I kept busy reading in the Hilton lobby until Carol came down for lunch. A nice guy wearing dreadlocks and serving bagels to the amassed NAEYC hoards directed us to Primanti Brothers. It’s a diner kind of arrangement with a counter and booths inside, tables outside on the sidewalk. We took a booth.
Their menu seemed built around French fries. My Super Nacho Chili Cheese Fries consisted of a layer of fries, nachos over that, chili over nachos and cheese over everything, served in a paper lined plastic basket. Yum? Cold Bud in a bottle was welcome.
Carol’s Fish Sandwich: Hoagie roll bottom, lettuce, a breaded fried fish fillet, a huge layer of French fries, thousand island dressing, hoagie top. Wow. She deconstructed it in order to get to the good parts. Oh well, it was lunch, and not hotel food.
Carol had workshops all afternoon and we had dinner reservations at Lidia’s in the Strip District at 7:30. Shuttle buses run 7 to 11 and then 4 to 9, I’m in the dreaded gap and take my first taxi back to Radisson Green Tree ($11) for a nap, a spot of writing and some refreshing.
I had this grand plan, find a bar near Lidia’s where we can watch the final episode of the Soprano’s after dinner. I took the 4 o’clock shuttle bus to the Omni (the other Conference Hotel), to check out the hotel and its environs, walk to the Strip District, check out Lidia’s, and find just the right bar.
You know how — on vacation — you run out of time, stuff takes longer than expected? Well, in this case, it didn’t take long to get to the Omni, it didn’t take long to walk to Lidia’s and it didn’t take long to check out The Sopranos Bar (actual name), closed Sunday, and that part of the Strip District (not much goin’ on). I kept walking until I found the first open bar, Roland’s, a biker bar four blocks further on, too far to get to after dinner. Well, we’ll just enjoy a leisurely dinner and accept the fact that we won’t see The Sopranos “live.”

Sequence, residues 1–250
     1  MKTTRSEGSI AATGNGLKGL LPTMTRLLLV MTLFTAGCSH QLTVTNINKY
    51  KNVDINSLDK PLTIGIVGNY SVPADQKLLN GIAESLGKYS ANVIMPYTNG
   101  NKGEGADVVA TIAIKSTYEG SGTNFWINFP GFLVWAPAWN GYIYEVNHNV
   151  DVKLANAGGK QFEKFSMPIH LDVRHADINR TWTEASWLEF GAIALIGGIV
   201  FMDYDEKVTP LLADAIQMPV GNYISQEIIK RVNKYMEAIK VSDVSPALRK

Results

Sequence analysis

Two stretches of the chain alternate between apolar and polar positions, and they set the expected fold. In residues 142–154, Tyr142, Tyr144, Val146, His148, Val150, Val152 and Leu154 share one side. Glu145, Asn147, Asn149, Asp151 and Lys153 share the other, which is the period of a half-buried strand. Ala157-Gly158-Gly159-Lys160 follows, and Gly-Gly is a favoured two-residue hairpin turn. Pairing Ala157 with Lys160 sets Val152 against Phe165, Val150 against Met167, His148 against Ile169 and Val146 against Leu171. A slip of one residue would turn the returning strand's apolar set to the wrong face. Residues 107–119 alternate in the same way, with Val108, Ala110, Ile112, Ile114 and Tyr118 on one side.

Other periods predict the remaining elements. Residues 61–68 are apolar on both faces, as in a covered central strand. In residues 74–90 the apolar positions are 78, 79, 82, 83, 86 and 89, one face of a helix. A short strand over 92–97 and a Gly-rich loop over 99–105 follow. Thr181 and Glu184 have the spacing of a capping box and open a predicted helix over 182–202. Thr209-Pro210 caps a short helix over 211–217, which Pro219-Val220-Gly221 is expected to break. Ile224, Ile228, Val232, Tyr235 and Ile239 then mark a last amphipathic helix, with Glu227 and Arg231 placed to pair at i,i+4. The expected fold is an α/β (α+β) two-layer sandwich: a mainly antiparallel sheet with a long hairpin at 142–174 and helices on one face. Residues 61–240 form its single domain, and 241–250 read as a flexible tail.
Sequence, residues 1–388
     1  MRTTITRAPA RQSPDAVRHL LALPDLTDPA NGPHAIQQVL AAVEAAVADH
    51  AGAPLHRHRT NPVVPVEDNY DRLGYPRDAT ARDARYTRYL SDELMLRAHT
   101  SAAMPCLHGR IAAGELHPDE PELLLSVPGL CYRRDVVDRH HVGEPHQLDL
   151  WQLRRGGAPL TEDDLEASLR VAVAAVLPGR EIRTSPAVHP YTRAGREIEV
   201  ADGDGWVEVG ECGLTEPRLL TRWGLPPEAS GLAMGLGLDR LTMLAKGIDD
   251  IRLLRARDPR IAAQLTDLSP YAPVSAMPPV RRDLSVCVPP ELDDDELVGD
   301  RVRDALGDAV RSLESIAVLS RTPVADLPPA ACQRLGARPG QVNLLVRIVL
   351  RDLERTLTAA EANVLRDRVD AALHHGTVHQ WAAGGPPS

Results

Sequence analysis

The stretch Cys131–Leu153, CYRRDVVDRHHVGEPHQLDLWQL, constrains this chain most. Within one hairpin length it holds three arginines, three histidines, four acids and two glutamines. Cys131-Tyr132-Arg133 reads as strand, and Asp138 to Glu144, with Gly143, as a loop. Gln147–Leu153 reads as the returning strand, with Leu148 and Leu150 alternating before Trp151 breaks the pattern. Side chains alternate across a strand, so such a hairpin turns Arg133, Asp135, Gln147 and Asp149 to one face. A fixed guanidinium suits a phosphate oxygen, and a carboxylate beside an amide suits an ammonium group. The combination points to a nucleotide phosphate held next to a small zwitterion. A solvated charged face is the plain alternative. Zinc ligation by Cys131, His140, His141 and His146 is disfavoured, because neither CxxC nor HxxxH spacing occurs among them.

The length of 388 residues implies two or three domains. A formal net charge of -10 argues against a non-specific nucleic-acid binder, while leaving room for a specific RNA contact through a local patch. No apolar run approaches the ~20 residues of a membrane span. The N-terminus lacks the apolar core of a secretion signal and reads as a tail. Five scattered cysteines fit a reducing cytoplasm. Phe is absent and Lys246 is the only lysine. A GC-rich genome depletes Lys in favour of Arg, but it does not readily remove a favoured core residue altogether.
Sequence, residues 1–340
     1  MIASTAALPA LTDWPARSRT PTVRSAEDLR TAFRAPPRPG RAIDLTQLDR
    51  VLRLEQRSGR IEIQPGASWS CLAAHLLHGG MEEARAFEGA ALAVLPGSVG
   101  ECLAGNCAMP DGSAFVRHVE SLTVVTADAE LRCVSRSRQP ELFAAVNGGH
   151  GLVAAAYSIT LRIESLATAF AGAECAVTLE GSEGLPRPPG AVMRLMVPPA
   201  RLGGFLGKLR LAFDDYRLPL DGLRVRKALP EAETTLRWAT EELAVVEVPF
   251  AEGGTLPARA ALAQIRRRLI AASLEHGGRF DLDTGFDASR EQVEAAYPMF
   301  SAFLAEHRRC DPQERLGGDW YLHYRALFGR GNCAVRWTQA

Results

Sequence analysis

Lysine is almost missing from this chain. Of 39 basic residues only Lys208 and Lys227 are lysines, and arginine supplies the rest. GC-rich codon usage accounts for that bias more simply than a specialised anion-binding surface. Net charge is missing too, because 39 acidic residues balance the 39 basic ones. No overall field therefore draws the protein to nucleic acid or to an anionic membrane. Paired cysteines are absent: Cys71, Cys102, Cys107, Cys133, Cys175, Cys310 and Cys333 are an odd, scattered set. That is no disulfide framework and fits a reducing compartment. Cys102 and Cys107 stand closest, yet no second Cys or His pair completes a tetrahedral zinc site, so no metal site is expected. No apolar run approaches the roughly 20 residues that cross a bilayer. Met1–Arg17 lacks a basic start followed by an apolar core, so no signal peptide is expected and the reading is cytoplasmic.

And speaking of The Sopranos, a good part of Penn Avenue in the Strip District reminded me of Tony’s environs in Jersey.
I arrived at Lidia’s a good half hour early for our reservation. Guess what? Carol and Sarah were already at the bar. We could be seated any time.
Nice room. A big loft with a big post and beam structure, exposed and proud. An amazing chandelier hung near the entrance made of melty and bleeding colored wine carafes. It looked like they were fused together in a pear shape with enough heat to distort but not destroy.
The dining area was very ordered, the rectangular tables arranged orthogonally in rows, the floor stepping down toward big industrial windows facing the river. Head high dividers separated alternate rows of tables, with mirrors at eye level.